Iran's culture war intensifies
On Sunday, police launched a nationwide crackdown on symbols of 'decadent' Western culture.
The busy Tehran square was packed with hundreds of dismayed onlookers, many of them women sobbing at the spectacle, according to recent press reports. 13 young men, stripped to the waist, were being flogged for offenses against the public order - mostly for drinking alcohol, which is forbidden in Iran, and for being seen with women to whom they were not related.Skip to next paragraph
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Since Mohamad Khatami, the reformist Iranian president, was re-elected by a landslide in June, there has been a spate of public floggings ordered by his hard-line opponents who control the judiciary. Hard-liners, it seems, are in a combative mood as they try to jerk back the hands of Iran's social clock - a task many believe to be impossible.
They insist such deterrent sentences are needed to combat "un-Islamic" behavior and rising crime rates.
"All should be sensitive toward the issue of the promotion of corrupt means and fight against the enemies' efforts to deprave our children," Iran's conservative judiciary chief, Ayatollah Mahmoud Hashemi Shahroudi, declared in defense of the public floggings.
For the reformers, however, the latest campaign against social "depravity" is a blatant attempt to embarrass and undermine the popular president, who is committed to fostering greater personal and political freedoms within the Islamic system. He has tried to give young people - the core of his power base - "an atmosphere in which they can breathe." His government has condemned the public floggings.
While the entrenched old guard has stymied many of Mr. Khatami's political reforms since he came to power four years ago, young people credit him with ushering in a freer social and cultural climate. Young couples have begun to date discreetly in public, women are wearing brighter headscarves, and bootlegged Western pop CDs - though officially taboo - are now easily available.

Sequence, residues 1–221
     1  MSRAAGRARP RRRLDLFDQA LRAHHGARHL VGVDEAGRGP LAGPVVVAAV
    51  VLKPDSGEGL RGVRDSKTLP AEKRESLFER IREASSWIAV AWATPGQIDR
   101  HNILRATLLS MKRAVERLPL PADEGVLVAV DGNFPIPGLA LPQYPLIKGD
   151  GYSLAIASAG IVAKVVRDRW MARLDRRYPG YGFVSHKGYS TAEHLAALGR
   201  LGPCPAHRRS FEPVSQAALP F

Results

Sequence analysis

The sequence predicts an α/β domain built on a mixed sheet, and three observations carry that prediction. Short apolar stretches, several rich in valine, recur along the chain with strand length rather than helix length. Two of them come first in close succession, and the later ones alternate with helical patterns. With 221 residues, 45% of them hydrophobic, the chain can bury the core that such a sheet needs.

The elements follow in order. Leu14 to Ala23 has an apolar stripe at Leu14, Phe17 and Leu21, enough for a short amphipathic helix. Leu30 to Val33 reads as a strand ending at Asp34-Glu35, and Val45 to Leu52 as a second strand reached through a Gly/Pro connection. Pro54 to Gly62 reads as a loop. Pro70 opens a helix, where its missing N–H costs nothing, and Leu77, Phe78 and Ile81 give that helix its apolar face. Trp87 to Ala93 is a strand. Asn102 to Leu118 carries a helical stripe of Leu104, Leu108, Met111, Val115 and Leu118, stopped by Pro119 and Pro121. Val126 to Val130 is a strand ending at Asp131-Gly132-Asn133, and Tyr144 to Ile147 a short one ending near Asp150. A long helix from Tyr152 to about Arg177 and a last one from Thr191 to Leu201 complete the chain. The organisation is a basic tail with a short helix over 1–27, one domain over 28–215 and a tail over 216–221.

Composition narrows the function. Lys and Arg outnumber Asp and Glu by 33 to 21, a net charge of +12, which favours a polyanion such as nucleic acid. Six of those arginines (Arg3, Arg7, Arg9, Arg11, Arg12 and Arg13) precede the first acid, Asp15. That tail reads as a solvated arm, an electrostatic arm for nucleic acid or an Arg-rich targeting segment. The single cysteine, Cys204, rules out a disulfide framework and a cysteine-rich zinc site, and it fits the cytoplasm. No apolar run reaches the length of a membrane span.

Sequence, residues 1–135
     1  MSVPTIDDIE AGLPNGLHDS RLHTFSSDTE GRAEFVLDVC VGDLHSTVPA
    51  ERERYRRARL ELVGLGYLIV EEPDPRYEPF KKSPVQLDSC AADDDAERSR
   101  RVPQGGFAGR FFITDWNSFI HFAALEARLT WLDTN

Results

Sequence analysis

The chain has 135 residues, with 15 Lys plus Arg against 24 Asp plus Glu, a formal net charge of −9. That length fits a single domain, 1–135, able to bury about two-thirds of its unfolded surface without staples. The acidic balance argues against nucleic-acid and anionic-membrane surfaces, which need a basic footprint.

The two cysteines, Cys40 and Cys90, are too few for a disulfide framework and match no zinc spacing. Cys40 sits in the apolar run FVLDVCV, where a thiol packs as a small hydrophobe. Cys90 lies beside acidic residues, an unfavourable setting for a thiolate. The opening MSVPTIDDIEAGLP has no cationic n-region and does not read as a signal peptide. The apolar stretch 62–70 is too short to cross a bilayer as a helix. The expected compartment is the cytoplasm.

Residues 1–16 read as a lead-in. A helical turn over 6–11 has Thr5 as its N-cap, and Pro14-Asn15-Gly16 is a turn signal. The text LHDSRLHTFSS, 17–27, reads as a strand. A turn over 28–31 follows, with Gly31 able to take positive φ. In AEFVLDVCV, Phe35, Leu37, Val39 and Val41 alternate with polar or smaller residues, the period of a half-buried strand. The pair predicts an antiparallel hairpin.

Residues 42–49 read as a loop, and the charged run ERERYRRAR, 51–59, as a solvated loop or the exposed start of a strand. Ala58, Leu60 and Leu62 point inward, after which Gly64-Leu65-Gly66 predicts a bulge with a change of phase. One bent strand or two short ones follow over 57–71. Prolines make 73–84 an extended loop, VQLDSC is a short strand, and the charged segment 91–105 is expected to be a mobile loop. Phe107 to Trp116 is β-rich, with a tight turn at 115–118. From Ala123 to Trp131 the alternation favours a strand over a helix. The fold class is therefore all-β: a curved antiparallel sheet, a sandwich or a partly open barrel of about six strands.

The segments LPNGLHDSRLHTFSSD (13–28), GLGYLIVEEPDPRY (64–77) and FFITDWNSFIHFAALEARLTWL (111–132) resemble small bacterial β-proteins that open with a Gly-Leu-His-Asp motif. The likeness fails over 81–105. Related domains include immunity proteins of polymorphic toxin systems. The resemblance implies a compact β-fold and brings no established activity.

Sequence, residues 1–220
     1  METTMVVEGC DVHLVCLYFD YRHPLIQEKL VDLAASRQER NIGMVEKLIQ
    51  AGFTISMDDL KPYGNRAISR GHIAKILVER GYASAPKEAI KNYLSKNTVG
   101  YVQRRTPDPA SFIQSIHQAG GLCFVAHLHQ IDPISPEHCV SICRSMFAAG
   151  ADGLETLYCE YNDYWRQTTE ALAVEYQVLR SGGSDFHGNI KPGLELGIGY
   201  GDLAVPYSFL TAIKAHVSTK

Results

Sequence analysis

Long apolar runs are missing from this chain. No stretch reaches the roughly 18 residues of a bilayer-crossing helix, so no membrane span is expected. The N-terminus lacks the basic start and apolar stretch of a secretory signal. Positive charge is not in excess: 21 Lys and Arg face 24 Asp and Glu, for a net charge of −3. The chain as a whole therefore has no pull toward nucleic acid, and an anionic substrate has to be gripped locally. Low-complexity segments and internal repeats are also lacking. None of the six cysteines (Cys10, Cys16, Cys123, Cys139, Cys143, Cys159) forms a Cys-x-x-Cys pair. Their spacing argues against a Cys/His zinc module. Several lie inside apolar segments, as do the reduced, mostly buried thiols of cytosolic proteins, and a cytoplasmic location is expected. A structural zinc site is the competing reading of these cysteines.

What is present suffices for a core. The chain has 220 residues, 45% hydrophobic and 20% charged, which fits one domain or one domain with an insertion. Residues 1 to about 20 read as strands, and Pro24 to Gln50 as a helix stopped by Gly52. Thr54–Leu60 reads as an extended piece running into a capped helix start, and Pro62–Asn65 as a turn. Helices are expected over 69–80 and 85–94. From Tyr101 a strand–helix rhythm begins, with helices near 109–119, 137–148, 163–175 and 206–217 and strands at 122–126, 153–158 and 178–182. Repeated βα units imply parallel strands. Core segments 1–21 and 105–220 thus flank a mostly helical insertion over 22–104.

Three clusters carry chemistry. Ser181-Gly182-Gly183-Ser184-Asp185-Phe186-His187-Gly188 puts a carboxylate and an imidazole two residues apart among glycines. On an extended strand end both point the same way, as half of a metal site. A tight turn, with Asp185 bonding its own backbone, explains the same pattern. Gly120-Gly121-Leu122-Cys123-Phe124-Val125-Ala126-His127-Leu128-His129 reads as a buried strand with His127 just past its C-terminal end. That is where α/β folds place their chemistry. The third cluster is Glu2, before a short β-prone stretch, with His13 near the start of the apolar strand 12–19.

Until recently, it appeared to some Iranians that the old guard had resigned itself to a counterculture that was impossible to root out without endangering social peace, concentrating instead on the political battlefront. For others, a cultural backlash was inevitable: As some conservatives saw it, the rot had to be stopped before it eroded the foundations of the Islamic regime.
Police nationwide, charged with restoring "Islamic order," began a drive on Sunday to combat the "spread of decadent Western culture in society" and the "flagrant manifestations of corruption." Shop owners were told to remove mannequins wearing women's lingerie from their windows. Cafés and restaurants were barred from playing Western music and their owners warned not to serve women who wear too much makeup or otherwise fail to observe proper Islamic dress codes.
Selling posters of famous Western singers and movie stars has been banned. So, too, has the sale of pet monkeys and dogs, which are generally considered unclean in Islam but which have become popular as pets in parts of Iran.
In the holy city of Qom, the necktie, which had been staging a cautious comeback after 20 years in the cold following the 1979 Islamic revolution, has again been outlawed as a symbol of Western decadence.